Today’s photograph and write-up are courtesy of Mathew Vis-Dunbar, another one of UBC Botanical Garden’s exemplary horticulturists. Mathew writes:
Photographed in the midst of a rare Vancouver snowstorm at VanDusen Botanical Garden, this plant provided some welcome colour at the end of December.
Found in its native habitat of western China in forests and woodlands below 1200 meters, Euonymous myrianthus is an evergreen shrub growing from 3 to 12 meters. It is reportedly quite variable in morphology and habitat. Clusters of greenish yellow flowers are produced from April to July, followed by the pictured fruits, generally into November.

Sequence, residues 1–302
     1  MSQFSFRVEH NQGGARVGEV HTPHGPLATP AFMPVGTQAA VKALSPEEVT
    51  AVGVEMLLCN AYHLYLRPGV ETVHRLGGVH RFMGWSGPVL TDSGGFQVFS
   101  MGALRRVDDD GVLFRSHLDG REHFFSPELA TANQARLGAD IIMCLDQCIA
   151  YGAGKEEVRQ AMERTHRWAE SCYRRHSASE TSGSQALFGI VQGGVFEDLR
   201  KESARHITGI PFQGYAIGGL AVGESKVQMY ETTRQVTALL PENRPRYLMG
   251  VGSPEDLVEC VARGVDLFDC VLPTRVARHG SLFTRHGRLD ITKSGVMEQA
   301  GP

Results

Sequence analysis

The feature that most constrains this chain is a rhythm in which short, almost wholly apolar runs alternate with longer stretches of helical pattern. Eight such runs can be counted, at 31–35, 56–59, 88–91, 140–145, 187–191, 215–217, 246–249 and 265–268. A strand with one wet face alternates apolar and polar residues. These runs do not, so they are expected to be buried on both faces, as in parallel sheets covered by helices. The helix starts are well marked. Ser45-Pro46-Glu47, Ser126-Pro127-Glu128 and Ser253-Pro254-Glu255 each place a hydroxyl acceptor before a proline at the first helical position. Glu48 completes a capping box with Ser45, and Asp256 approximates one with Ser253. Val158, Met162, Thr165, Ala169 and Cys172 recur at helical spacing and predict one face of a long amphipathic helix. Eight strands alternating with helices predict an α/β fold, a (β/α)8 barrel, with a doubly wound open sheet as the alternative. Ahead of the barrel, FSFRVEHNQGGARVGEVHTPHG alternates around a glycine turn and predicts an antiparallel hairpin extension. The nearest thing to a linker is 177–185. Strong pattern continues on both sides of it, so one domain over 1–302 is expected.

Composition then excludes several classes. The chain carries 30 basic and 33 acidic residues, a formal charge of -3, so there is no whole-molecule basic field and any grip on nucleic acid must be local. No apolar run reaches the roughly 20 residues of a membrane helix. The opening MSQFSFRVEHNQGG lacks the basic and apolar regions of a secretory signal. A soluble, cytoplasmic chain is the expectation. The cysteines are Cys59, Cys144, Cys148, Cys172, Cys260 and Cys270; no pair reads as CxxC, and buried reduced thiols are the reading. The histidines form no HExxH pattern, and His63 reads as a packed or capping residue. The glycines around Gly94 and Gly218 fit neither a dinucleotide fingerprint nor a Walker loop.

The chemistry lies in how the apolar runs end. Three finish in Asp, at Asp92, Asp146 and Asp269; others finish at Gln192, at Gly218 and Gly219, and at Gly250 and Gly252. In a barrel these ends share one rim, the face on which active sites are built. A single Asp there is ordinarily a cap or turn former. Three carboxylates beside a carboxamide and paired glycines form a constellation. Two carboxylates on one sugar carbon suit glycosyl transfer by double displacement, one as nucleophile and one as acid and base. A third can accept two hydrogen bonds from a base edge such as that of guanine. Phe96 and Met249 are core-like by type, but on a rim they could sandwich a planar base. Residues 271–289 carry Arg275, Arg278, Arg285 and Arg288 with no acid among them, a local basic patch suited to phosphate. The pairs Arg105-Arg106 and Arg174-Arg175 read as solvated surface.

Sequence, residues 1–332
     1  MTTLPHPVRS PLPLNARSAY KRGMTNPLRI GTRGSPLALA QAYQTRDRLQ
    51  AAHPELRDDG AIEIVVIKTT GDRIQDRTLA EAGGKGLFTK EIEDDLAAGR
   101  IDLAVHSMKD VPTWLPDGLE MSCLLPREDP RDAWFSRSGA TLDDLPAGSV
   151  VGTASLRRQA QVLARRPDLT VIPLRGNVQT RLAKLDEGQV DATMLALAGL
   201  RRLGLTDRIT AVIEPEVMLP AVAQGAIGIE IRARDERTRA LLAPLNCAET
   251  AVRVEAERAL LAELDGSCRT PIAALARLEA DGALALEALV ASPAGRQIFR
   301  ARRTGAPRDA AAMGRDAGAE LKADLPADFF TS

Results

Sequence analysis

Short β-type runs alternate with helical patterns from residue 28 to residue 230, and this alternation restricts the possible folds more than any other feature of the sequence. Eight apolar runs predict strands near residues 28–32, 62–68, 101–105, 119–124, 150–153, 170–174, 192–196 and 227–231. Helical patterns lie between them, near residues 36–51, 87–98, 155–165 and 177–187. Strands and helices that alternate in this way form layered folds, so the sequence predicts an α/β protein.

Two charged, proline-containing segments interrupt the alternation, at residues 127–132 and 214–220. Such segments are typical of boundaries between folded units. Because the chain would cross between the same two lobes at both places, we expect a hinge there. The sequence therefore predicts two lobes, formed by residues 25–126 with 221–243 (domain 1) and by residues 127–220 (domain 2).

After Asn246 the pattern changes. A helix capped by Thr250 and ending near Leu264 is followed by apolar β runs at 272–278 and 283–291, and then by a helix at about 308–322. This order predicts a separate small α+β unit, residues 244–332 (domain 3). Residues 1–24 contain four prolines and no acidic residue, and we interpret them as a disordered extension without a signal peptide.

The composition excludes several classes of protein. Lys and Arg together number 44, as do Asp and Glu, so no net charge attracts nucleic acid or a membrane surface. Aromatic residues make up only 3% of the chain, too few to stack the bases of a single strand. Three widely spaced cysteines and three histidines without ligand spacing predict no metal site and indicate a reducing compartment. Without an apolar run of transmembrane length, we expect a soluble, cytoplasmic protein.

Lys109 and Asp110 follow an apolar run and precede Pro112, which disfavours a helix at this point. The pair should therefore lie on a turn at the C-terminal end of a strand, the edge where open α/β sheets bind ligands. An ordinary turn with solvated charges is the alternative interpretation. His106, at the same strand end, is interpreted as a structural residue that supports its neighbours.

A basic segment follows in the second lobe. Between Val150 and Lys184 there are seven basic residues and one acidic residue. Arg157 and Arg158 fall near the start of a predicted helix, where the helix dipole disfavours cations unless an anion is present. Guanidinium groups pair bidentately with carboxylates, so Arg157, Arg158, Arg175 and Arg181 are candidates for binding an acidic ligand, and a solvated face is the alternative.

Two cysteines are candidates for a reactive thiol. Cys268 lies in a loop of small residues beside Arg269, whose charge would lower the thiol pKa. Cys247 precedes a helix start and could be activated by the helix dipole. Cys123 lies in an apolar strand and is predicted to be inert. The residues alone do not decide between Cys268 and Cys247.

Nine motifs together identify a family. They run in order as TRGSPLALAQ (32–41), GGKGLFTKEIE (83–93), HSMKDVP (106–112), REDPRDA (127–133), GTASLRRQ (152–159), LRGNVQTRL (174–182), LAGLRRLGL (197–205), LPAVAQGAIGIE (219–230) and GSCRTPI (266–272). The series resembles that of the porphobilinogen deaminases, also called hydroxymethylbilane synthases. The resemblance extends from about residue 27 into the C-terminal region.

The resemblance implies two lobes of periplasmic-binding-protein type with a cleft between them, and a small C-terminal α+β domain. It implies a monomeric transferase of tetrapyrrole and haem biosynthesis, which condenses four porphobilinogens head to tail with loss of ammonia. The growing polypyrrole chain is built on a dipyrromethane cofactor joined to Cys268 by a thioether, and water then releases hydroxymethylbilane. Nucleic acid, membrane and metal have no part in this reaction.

Daniel adds: China is the centre of biodiversity for the genus Euonymus. Of the roughly 130 species worldwide, 90 species can be found in China — and of these, 50 are endemic (found nowhere else). The English common name often used for this species is evergreen spindle tree.
Botany resource link: I’m off at the end of next week to visit the Montréal Botanical Garden as part of a workshop to participate in a Canadian biodiversity data network. I’m really keen on visiting the Tropical Food Plants Greenhouse. Yes, I’ll be taking my camera!